It’s the old grass-is-always-greener syndrome; I sit here and think how much better my life would be if it was in Canada… but if I did get that, it would swiftly become everyday and humdrum and now, and I would start hankering for the next new thing.

The quote really brought it home to me that I’ve been taking a lot of things for granted.  When I was at university I was so worried about how everything was going to turn out, what I would end up doing for a career, what kind of life I would build for myself.  I despaired of meeting someone that I wanted to spend the rest of my life with.  If someone had shown the 21 year old what the 27 year old me has, it’s a cliche, but I wouldn’t have believed it.  I’ve achieved so much and had so much fun along the way, with so much more to come.   The place I’m at now is where my younger self  only dreamed about being. 

In fact (even though this is rather embarrassing to admit), when I was going through a period of existentialist angst at 21, and believing that I would never meet anyone and was destined to become a spinster owning lots of cats and some fetching felt slippers, I wrote a “letter to the universe”, outlining what I wanted to happen, in the belief that writing it down would crystallise my desires and send a clear message out to the Fates to shape my destiny to match them.  In line with some advice from a book about attracting positive energy, I even cleansed my room with a saucepan (loud noises to drive away bad spirits), some joss sticks from the local Indian shop, salt and a few candles. 

I found that letter recently (which, I recall, had to be folded up into a triangle shape and placed under a crystal).  Spookily, everything I desired then has come to pass.   It really is that what I have now “was once among the things only hoped for”.

I need to realise that whilst things do have to change, and that we need to grow and develop as people and experience as much as we can cram in, it’s important not to ignore what’s happening right now.  I often look at other people’s lives, either friends’ or other bloggers’, and think that my life is dull and mundane and pedestrian in comparison.  Yet if these same people were to examine my life in the same way that I regard theirs, I am sure that they would find much to celebrate.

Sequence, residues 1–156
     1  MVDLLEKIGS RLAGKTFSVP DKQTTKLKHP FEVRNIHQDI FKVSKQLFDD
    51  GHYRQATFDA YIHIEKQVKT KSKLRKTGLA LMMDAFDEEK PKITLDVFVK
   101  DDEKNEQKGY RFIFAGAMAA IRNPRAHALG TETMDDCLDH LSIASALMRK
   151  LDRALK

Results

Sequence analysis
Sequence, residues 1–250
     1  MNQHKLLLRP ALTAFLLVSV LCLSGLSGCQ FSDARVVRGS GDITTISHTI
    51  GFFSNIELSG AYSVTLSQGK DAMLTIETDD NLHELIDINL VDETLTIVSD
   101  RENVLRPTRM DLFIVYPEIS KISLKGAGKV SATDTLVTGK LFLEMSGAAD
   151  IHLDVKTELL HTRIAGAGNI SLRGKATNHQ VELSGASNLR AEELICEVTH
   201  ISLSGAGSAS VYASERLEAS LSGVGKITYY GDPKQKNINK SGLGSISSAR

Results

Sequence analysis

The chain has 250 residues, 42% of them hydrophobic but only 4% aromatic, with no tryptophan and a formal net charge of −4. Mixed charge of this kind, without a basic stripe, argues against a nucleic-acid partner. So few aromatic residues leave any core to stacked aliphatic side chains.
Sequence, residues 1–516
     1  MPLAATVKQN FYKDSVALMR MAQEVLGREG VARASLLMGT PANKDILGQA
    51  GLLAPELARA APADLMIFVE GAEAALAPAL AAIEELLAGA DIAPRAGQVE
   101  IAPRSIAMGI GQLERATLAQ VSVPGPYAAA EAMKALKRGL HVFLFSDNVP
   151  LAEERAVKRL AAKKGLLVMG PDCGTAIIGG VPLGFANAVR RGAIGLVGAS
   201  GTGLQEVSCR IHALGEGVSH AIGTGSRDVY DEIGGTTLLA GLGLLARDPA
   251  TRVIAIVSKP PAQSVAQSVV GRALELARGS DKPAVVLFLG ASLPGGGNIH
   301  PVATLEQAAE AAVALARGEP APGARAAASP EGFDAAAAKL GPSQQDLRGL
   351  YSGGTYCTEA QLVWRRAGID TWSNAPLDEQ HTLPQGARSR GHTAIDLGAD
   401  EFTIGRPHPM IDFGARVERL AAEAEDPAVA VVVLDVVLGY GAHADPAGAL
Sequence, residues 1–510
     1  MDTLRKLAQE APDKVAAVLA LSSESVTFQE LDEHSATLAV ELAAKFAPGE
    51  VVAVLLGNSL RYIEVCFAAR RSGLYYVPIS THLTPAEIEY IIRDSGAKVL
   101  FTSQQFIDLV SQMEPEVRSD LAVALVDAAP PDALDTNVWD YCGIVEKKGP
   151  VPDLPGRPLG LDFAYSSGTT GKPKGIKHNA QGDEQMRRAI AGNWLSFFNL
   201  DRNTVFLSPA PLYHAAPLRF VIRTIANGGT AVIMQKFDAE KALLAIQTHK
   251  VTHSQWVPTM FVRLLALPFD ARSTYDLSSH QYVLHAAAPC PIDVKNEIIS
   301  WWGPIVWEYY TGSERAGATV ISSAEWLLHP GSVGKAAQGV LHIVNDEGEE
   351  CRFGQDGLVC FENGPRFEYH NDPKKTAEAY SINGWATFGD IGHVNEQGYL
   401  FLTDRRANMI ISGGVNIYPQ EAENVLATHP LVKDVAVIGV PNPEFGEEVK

So I am making a vow that I am going to live in the moment much more; I am going to try and appreciate every little great thing that happens to me and look forward to things I have planned.  I am going to stop thinking that “if only I moved to Canada my life would be perfect” because whilst it’s important to have plans (and I haven’t yet given up entirely on Operation Vancouver – maybe it’s time to get the crystal out again and write another letter), you have to enjoy what you have.  After all, I have got much of what I once yearned for.  Once it’s gone, you realise that it was, in fact, after all, rather perfect.  And sitting in our little garden, sipping wine with the man who makes me happier than anyone else ever has done, is a pretty good thing to be doing.

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One response »

  1. Thanks for sharing that story! I love the mix of ancient philosophy and everyday real-life experience. More greek wisdom in the streets, and life would be a warmer and richer place.
    R.